In two recent decisions' construing the scope of the federal securities acts, the Supreme Court apparently has undertaken to alleviate some of the confusion and uncertainty surrounding the most fundamental question in securities law: the definition of"security" itself. Much of the existing confusion can be traced to earlier decisions of the Court that first implied, and later held,that the regulatory or offering context in which a particular transaction occurs could function to exclude the transaction from cover-age of the securities laws' anti-fraud provisions. This result could follow even though the transaction in question otherwise might satisfy the traditional Howey or "economic reality" test for determining the presence of a "security."
Because the Court has offered few clear guidelines for excluding a transaction in this manner, however, these earlier decisions,International Brotherhood of Teamsters v. Daniel and Marine Bank v. Weaver, have obscured, rather than clarified, the threshold question that must be addressed whenever the federal securities laws are invoked. In particular, the Court's analysis in Weaver has resulted in a great deal of uncertainty about the circumstances under which instruments clearly fitting within the statutory definition should be denied coverage and when other, more unusual,transactions similarly ought to be excluded...
Part II of this Article offers an overview of Supreme Court decisions construing the definition of "security" and concludes with an examination of the Court's analysis in Weaver. Part III explores the Court's use of the "context" clause preceding the statutory definition as a vehicle for expanding or contracting the securities acts' scope and analysis and the potential ramifications of that approach and focuses particular attention on the problems that arise from the Court's treatment of certificates of deposit.Part IV addresses the present state of "investment contract" analysis and assesses the continued validity of the Howey test for determining the presence of a security. Part V seeks to expose the Court's misunderstanding of congressional intent in its application of the securities laws. Finally, Part VI offers further evidence of the Court's deficiencies in this area by examining recent decisions involving two additional issues of increasing concern: tender offers and insider trading.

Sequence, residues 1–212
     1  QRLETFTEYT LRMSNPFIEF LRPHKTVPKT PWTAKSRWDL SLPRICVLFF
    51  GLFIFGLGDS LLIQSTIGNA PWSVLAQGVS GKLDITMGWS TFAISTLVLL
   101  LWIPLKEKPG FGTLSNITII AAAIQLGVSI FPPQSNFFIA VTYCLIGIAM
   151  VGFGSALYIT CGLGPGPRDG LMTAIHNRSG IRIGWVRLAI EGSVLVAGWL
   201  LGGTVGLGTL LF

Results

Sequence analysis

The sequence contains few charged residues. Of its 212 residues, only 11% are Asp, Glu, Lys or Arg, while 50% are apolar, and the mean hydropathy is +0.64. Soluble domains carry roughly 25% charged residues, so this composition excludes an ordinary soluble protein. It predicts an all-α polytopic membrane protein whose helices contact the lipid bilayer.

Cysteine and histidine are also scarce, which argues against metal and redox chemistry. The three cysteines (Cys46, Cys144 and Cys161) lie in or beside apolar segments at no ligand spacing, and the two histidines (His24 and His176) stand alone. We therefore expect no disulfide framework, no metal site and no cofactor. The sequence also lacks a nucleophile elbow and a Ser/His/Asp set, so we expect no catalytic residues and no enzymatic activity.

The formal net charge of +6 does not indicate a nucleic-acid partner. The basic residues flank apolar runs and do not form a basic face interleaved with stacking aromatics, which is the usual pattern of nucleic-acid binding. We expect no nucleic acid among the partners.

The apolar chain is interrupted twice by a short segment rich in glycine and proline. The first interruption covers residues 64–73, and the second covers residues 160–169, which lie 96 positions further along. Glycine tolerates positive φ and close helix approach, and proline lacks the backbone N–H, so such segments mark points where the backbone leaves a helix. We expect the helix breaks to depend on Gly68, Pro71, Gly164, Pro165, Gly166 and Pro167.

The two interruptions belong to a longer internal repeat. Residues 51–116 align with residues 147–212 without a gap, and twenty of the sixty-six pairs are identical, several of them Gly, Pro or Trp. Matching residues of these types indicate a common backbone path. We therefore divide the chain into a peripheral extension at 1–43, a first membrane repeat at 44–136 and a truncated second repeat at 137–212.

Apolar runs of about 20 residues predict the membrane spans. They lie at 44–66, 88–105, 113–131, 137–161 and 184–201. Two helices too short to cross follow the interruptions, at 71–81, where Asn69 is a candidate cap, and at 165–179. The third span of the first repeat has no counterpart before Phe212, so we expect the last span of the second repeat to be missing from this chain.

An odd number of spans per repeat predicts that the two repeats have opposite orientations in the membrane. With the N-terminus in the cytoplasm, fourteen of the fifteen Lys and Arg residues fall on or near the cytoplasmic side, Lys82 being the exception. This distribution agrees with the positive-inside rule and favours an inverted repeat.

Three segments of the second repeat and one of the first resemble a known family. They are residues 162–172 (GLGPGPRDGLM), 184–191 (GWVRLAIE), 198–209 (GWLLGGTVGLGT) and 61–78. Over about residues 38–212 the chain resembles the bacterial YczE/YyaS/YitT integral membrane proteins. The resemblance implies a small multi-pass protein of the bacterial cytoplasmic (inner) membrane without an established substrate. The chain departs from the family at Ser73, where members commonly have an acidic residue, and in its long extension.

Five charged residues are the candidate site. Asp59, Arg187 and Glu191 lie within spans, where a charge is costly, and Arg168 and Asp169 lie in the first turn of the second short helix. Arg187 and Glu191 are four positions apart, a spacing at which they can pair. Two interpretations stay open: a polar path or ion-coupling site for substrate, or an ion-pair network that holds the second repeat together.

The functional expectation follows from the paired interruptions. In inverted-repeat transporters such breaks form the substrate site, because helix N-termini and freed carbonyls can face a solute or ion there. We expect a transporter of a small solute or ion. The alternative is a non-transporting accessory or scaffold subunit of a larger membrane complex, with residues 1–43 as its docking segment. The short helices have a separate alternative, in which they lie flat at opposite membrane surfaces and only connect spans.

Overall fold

Marc I. Steinberg and William E. Kaulbach,
The Supreme Court and the Definition of "Security": The"Context" Clause, "Investment Contract" Analysis, and Their Ramifications,
40 Vanderbilt Law Review
Available at: https://scholarship.law.vanderbilt.edu/vlr/vol40/iss3/1